The old man rapped on the table and called for silence.
As the room fell quiet, the gathered men all looked at him expectantly; each one waiting to find out why he had been called to this secret meeting in a back-street tavern.
The old man stood up.
‘My friends,’ he growled, ‘we face a grave problem. The power of Rome is crushing us. They demand taxes from us – taxes that we can ill-afford to pay; they take our menfolk for slaves and work them to the ground; they use our women for their casual pleasure. We have managed all these years, but it is no longer tolerable. The people are getting restless and I hear talk of rebellion growing stronger every day.’
He paused a moment, glaring round the room.
‘Right now,’ he continued, ‘we are weak and divided, and rebellion would be a disaster. The Romans would destroy us and we would lose more, much more, than we could possibly gain.’ He shook his head. ‘No, what we need first is something that brings us together, unites us and makes us stronger. Then we can co-ordinate a rebellion that will work; a rebellion that has the strength of purpose and the momentum to overthrow the hated Romans…’ his voice rose to a shout, ‘so we can take back Judea for ourselves and for our people!’ He glared around the room again. ‘And I, Saul of Tarsus, I will be proud once again to hold up my head and call myself a citizen of Judea and not a slave of Rome!’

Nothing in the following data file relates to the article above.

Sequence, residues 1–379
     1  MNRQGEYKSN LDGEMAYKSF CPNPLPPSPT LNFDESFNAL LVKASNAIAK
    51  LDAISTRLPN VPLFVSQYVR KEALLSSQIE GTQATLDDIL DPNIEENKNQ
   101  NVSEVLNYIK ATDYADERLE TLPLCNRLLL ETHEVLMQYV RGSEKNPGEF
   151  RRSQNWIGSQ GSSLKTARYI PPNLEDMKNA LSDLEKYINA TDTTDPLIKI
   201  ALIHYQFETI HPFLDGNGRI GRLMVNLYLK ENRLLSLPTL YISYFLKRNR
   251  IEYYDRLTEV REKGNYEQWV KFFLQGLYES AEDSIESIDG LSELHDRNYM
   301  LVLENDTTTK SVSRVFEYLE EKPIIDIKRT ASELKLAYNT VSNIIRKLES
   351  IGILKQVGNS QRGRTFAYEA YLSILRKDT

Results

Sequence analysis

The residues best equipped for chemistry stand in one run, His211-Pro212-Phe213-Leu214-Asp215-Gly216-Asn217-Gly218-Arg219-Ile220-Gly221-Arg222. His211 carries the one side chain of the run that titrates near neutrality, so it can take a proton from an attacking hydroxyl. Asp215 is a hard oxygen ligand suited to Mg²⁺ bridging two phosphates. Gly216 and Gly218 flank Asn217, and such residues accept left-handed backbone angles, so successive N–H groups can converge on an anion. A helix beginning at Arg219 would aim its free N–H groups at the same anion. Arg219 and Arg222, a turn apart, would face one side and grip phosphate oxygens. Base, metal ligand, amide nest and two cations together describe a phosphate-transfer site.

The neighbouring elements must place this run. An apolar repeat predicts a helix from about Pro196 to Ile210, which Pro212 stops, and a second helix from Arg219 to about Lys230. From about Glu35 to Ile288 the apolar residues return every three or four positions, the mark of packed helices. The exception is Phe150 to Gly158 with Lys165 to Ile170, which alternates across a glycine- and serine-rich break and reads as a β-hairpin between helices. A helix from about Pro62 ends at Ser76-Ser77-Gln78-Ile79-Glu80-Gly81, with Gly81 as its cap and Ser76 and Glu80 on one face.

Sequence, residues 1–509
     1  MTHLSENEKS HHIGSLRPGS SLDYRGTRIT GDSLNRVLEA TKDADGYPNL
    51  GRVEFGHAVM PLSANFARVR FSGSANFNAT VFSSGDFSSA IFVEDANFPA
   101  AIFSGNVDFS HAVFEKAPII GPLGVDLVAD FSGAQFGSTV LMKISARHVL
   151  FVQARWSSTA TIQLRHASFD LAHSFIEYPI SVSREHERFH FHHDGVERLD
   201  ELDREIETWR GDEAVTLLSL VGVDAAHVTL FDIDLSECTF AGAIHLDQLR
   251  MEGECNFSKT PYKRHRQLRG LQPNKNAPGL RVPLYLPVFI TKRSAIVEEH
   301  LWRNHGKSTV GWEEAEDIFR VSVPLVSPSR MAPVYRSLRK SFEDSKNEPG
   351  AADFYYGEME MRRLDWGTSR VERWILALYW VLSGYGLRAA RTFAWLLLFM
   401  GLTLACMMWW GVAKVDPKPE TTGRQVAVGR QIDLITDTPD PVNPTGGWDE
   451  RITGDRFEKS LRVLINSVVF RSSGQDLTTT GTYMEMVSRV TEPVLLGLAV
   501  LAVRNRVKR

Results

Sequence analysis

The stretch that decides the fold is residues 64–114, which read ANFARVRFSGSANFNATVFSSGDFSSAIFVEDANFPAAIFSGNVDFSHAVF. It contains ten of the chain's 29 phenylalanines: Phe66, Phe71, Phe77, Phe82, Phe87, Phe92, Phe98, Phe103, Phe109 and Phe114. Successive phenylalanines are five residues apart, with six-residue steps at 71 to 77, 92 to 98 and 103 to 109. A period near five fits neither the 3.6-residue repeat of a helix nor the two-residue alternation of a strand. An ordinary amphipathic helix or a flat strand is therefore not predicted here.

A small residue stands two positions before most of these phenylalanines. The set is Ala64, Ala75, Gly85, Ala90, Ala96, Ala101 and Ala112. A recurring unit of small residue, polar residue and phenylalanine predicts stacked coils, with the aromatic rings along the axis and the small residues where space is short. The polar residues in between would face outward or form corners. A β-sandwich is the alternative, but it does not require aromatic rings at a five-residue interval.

There was a roar of approval from the crowd in front of him. He took a sip of wine from his cup, then raised his hand to call for quiet.
‘I am open to suggestions,’ he continued, letting his voice drop back once again to a soft growl, ‘as to how we can unite Judea around a common cause.’
He sat down, letting the question hang in the air. The men in the tavern looked nervously around at each other. [more]